BMW tooling engineers can use Xometry’s CNC machining, 3D printing, and urethane casting for custom assembly fixtures, which allows the company to put the finishing touches on its vehicles quickly and cost-effectively.
Case Study: BMW Uses Xometry’s Range of Technologies to Make Custom Assembly Tooling
Serena Ngoh | Xometry
At BMW’s only U.S. manufacturing facility in South Carolina, the company boasts unsurpassed quality and a high level of reproducibility when it comes to manufacturing and assembling every component, from the engine down to aesthetic details like trim.
When it comes to trim, badges, emblems, and alignment, in particular, the company uses highly custom fixtures in the production assembly process. However, CNC machined tools that mate up to the complex curves of a car surface are very costly to produce, especially in lower volumes, and require long lead times.
To create conformal tools at a lower cost, BMW began incorporating 3D printing and urethane casting into their tooling assemblies in 2016. However, by creating tools that were a mix of multiple manufacturing processes, engineers began to spend almost a quarter of their work time, or 10 hours a week, sourcing parts and managing vendors. Tooling Design Engineer Ryan Lambert began searching for a multi-process manufacturer who could create short-run or one-off parts for their custom fixtures and win back time wasted on sourcing administration.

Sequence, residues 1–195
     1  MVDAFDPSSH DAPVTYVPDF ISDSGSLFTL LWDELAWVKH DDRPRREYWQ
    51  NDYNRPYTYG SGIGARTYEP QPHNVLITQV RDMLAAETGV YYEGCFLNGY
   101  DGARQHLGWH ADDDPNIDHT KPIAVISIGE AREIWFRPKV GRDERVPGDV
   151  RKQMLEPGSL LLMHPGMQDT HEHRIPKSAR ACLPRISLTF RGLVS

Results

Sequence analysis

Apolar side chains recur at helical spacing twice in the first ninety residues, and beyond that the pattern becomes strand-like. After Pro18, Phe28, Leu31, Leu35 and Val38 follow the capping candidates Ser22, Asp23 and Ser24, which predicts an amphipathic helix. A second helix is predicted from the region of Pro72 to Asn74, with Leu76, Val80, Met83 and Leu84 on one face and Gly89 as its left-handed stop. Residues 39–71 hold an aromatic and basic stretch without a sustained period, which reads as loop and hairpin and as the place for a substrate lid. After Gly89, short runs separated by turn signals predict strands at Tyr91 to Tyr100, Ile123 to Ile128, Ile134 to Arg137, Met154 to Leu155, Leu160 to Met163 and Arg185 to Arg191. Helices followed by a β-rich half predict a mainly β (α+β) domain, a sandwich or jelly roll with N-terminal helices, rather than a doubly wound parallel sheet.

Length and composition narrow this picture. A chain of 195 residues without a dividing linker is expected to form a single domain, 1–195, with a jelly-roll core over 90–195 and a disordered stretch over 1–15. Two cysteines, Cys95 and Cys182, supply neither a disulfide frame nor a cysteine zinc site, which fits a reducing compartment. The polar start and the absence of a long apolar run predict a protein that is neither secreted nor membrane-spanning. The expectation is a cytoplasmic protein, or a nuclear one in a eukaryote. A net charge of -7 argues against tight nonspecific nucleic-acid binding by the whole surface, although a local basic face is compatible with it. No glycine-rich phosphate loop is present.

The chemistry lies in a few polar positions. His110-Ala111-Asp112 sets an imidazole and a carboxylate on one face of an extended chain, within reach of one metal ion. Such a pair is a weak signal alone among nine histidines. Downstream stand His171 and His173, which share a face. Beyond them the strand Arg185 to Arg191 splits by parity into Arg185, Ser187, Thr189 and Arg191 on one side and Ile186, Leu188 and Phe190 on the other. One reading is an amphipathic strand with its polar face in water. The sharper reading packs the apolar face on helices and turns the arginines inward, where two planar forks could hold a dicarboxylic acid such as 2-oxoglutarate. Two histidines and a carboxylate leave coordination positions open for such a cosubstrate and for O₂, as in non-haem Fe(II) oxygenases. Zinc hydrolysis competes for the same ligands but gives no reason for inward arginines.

Creating Custom Fixtures with Xometry
Lambert soon found the Xometry Instant Quoting Engine℠ and uploaded and quoted his custom parts in multiple manufacturing processes. Xometry’s vast network of manufacturing partners provided a single-source platform where BMW could quote and order a specialized automotive assembly fixture in minutes.
For the parts of the fixture that hold and apply trim or decals directly, Lambert used Xometry’s 3D printing service. Manufacturing the fixture with additive processes like SLA, SLS, and FDM allows for the creation of specific geometries to securely clamp, plunge, and depress the trim by holding it flush against the curves of the vehicle. Previously, a nonconformal CNC machined part was held at a distance, which could cause imprecise applications. Using 3D printing also helps make the tool lighter by replacing formerly machined parts with an ultralight infill plastic.
To build alignment tools, Lambert designed tools that combined 3D printed, CNC machined, and carbon fiber parts. These tools align various sections of the vehicle during assembly processes up to hundreds of times a day. By using 3D printing and carbon fiber, the part is reduced in weight by 25-50% and decreases worker fatigue from lifting heavy tools hundreds of times a day.
A Xometry-manufactured fixture used for alignment of the vehicle back end during assembly processes. This collection of parts is traditionally machined, but with Xometry, it can be quickly and cost-effectively produced with carbon fiber tubing, CNC machined plastic and metal parts, and 3D printed Ultem components.
A Xometry-manufactured assembly used to measure the displacement of car parts. The assembly comprises machined parts as well as stock hardware.